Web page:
THE 1980s BROUGHT CHANGES in Ray's personal life as he and Elaine spent increasing amounts of time in the Rogue River area of southern Oregon. Ray and Elaine had purchased a house on the river in August of 1979. Lynn and Della Berntson, close friends of the Stedmans from their days at PBC, lived on the Rogue River in Grants Pass. Lynn had been an elder at PBC, and when Ray and Elaine visited them, Lynn took Ray to see an old house two properties away from theirs. It was a badly used house, but Ray saw the potential, and he fell in love with the setting on the river. "It was at a time when he was beginning to think the young men needed him to move out so they could stretch their wings," Elaine recalls. "So when we had a week or two of vacation, we would go to the river house, and Ray would get a how-to book and work on renovation. In the late 1980s we spent as much as two or three weeks at a time there, and gradually as we approached the retirement year, as much as a month." Two of their daughters, Linda and Susan, lived in northern Oregon at the time Ray and Elaine bought the house; eventually, Linda and her boys moved to Medford, Susan and her girls to Ashland, and Laurie and family to Grants Pass. In the intervening years they had multiple family gatherings, greatly enjoying the river and one another.(Elaine Stedman, e-mail to author, January 29,2004.)
For Ray, though, the idea of retirement was hard to swallow. "I have always been sensitive about the word retirement," he remarked in his sermon "The Passing of the Torch" on June 6, 1982. "I do not like it. When I suggested a couple of years ago that I might be changing my base of operations from Palo Alto to southern Oregon, the word went out that I was retiring. Everywhere I travel around the country now, somebody will say to me, 'How are you enjoying your retirement?' No, I am not retired, and I hope I never do retire in that sense. Although it is perfectly proper for those who grow older--which I perhaps will someday--to slow down a bit, and take time to do other things, we must never forget that we have a ministry until we die. Our ministry is to be a Christian, to live as a Christian, to walk and talk as a Christian wherever we are, whatever we do." (See Ray's message The Passing of the Torch from June 6, 1982)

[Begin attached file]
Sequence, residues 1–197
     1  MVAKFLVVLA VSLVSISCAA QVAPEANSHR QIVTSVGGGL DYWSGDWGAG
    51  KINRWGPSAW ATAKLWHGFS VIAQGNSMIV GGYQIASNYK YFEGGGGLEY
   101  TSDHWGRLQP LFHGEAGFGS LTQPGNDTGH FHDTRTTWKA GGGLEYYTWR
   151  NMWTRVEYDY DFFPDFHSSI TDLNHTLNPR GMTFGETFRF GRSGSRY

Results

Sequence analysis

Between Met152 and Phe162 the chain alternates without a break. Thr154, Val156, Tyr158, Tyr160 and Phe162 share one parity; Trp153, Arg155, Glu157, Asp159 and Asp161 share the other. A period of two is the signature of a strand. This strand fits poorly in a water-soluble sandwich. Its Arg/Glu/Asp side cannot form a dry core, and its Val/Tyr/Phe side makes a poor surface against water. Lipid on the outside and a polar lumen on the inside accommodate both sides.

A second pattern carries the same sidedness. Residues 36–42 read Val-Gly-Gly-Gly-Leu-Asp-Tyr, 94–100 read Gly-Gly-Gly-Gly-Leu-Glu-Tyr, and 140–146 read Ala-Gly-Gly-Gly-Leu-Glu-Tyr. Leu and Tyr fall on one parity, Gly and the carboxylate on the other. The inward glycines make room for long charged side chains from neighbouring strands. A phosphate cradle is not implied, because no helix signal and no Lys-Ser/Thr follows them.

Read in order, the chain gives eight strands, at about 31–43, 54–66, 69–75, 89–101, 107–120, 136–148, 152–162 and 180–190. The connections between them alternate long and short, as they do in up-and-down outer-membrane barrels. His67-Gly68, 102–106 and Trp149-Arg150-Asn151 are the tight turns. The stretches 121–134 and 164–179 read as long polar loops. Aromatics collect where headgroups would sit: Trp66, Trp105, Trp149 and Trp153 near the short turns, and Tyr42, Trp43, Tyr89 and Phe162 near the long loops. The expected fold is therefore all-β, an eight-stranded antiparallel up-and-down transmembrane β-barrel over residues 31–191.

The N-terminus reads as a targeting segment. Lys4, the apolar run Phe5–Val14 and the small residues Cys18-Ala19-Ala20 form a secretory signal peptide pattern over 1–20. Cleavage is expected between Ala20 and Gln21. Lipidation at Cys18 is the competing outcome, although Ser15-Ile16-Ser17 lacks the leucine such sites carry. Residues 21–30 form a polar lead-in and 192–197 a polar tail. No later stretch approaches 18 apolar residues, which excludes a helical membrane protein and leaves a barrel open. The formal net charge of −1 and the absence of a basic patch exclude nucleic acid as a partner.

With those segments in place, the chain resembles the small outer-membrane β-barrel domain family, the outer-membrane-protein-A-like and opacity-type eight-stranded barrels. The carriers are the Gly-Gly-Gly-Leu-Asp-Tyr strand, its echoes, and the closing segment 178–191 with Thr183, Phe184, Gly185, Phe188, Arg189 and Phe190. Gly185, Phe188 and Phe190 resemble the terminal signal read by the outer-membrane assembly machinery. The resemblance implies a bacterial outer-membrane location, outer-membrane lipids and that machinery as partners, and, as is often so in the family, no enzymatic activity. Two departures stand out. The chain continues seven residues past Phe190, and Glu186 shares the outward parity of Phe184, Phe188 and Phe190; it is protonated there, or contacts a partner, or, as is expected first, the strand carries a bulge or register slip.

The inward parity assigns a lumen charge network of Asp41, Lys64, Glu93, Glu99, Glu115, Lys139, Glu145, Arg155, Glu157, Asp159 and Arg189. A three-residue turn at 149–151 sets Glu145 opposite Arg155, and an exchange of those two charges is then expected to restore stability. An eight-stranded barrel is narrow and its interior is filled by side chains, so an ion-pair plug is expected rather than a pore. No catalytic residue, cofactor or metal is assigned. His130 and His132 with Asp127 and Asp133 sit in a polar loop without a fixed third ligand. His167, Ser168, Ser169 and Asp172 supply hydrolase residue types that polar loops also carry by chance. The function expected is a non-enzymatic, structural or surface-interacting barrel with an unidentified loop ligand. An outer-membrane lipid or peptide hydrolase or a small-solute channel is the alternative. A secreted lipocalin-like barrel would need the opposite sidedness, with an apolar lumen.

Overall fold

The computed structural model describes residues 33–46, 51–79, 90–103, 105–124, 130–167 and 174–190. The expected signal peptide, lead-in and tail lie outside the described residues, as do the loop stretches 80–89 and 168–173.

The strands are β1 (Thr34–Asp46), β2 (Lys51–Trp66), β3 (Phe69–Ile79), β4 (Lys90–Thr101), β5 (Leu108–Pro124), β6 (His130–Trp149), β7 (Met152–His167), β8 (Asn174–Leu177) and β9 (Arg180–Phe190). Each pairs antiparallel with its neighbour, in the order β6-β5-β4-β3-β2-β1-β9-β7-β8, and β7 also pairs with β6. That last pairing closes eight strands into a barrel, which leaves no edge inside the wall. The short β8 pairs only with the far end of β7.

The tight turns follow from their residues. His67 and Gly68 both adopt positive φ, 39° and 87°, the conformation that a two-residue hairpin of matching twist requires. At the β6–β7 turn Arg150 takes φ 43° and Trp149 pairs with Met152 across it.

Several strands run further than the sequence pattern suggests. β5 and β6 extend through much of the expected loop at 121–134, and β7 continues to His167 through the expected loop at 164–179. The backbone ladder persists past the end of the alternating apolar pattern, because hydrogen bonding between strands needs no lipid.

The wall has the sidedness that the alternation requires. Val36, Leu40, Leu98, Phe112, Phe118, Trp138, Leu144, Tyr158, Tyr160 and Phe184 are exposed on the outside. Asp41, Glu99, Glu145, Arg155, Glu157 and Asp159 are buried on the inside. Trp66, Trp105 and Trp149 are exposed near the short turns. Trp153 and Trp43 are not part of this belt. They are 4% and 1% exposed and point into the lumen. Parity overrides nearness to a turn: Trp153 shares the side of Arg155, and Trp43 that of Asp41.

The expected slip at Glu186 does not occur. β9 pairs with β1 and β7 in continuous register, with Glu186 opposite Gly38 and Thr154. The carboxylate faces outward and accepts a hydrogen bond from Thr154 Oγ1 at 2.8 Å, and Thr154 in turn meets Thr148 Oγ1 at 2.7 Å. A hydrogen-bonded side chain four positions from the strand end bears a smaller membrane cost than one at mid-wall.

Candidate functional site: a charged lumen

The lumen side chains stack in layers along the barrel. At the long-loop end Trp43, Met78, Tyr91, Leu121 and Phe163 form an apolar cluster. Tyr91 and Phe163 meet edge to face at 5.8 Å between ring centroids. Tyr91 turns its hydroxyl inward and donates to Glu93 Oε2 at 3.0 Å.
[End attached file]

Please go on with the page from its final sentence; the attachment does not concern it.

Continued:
By April 1990, however, Ray Stedman was finally ready to make an official step toward changing his "base of operations." After forty years of ministry at PBC, he announced that he was moving on.
It is a testimony to Ray's vision for team ministry and his working out of that vision that when he retired the church did not set out to search for another "superstar" preacher or senior pastor, as a church that large and influential would normally do. For years Ray had shared leadership with the men around him, and they were more than ready to have the torch passed to them when Ray moved into retirement.
On April 29, 1990, Ray Stedman preached his last sermon as "senior pastor" at PBC from the final chapter of Revelation. In "The City of Glory" he spoke of the glories of the new heaven and the new earth, quoting from a poem he had learned as a young Christian:
There's no disappointment in heaven,
No weariness, sorrow, no pain,
No hearts that are bleeding and broken,
No song with a minor refrain.
The clouds of our earthly horizon
Shall never appear in the sky.
But all will be sunshine and gladness,
With never a sob nor a sigh.
(See Ray's message The City of Glory from April 29, 1990)
Little did Ray know that in three short years that city would become his permanent home.